This website offers a critical edition of the poems of Catullus, a repertory of conjectures on the text, an overview of the ancient quotations from Catullus that have independent source value, and high-quality images of some of the most important manuscripts. It was constructed between 2009 and 2013 in the course of the research project An Online Repertory of Conjectures for Catullus at the Center for Advanced Studies and the Abteilung für Griechische und Lateinische Philologie of the Ludwig-Maximilians-Universität München. It was conceived and designed, and its contents were assembled by Dániel Kiss, who continues to act as its editor. The technical framework of the site was built by Woodpecker Software, while Stalker Studio were responsible for the graphic design.Most of the research that has led to the repertory was conducted at the branches of the Universitätsbibliothek of the Ludwig-Maximilians-Universität München, and at the Bayerische Staatsbibliothek. Further research was done in Munich at the library of Monumenta Germaniae Historica, that of the Thesaurus Linguae Latinae, and that of the Franziskanerkloster St. Anna im Lehel; and at the Staats- und Stadtbibliothek in Augsburg; the Harry Ransom Center in Austin (Texas); the library of the Ibero-Amerikanisches Institut–Preussischer Kulturbesitz, the Staatsbibliothek zu Berlin–Preussischer Kulturbesitz, and the Universitätsbibliothek of the Humboldt-Universität in Berlin; the Koninklijke Bibliotheek–Bibliothèque Royale in Brussels; the Országos Széchényi Könyvtár in Budapest; the Davis Library, the Ullman Library, and the Wilson Library of the University of North Carolina at Chapel Hill, as well as the library of Sara Mack in Chapel Hill (North Carolina); the Biblioteka Jagiellońska in Cracow; the Biblioteca Medicea Laurenziana, the Biblioteca Nazionale Centrale, and the Biblioteca Riccardiana in Florence; the British Library in London; the Beinecke Rare Book and Manuscript Library in New Haven (Connecticut); the Morgan Library and the New York Public Library in New York; the Bodleian Library in Oxford; the Bibliothèque nationale de France in Paris; the library of the Scuola Normale Superiore in Pisa; the National Library of Russia in St. Petersburg; the Székesfehérvári Püspöki Könyvtár in Székesfehérvár; the Biblioteca Reale and the Biblioteca Nazionale Universitaria in Turin; the Biblioteca Apostolica Vaticana in the Vatican; the Biblioteca Nazionale Marciana in Venice; and the Library of Congress in Washington, D.C. Visits to these libraries were made possible by the generous research funding provided by the Ludwig-Maximilians-Universität München, and by the kind hospitality of Zsófia Ruttkay and Paul ten Hagen in Budapest; Sara Mack in Chapel Hill (North Carolina); Adam F. Jackson and Melissa A. Epstein in New York; Diane Le Grand de Belleroche and Cyril Simon in Paris and Nogent-sur-Marne; Paolo Natali in Pisa; and William McKelvey in Washington, D.C. Those who have helped to track down conjectures or rare books include Giuseppe Gilberto Biondi, David Butterfield, Carlotta Dionisotti, Julia Gaisser, Daniel Hadas, Stephen Harrison, Jeffrey Henderson, Giovanni Maggiali, Michael Reeve, and John Trappes-Lomax.The editor is especially grateful to James O’Hara, James Rives, Cecil W. Wooten, and their colleagues at the Department of Classics of the University of North Carolina at Chapel Hill, who have enabled him to study the Hale-Ullman Papers at the Department, and to have scans made of the collation or the transcription of 113 manuscripts of Catullus that were made by William Gardner Hale, Euan T. Sage, Berthold L. Ullman, and others around the first decade of the twentieth century.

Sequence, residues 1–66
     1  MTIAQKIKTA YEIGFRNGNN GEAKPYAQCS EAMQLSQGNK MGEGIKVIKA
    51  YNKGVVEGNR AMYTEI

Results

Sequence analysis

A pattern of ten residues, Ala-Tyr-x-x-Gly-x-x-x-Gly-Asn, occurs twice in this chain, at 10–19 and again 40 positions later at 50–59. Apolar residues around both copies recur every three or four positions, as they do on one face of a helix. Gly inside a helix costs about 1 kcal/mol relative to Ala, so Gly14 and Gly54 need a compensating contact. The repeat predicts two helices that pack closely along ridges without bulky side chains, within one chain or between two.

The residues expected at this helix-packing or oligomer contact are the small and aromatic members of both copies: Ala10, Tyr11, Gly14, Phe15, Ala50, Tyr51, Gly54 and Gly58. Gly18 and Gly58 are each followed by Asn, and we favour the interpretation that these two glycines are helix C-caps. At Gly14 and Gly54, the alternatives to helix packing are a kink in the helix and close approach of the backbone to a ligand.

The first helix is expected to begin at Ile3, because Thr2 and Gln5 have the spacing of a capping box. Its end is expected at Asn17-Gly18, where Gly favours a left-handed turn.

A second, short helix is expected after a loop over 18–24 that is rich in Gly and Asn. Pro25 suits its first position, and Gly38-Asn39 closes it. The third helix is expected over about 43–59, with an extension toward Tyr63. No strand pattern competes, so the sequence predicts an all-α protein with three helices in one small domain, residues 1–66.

The Bodleian Library has provided images of Catullus’ codex O, and the Bibliothèque nationale de France of G and T. The copyright © of these images is asserted on behalf of the respective libraries, as of 2013.
An image of a fresco fragment that is used in the website has been kindly provided by the Soprintendenza per i Beni Archeologici della Lombardia, thanks to the mediation of Elisabetta Roffia; copyright © by concession of the Ministero per i Beni e le Attività Culturali – Soprintendenza per i beni archeologici della Lombardia, 2013. The fragment was discovered in the Roman villa at Sirmione (Brescia), and is conserved at the Museo Archeologico di Sirmione. It has been dated to the Augustan period. It shows a bare-footed young man holding a book-roll, wearing a toga of a Republican type. He has been identified tentatively with Catullus.The text and the remaining elements of the website are copyright © Dániel Kiss, 2013.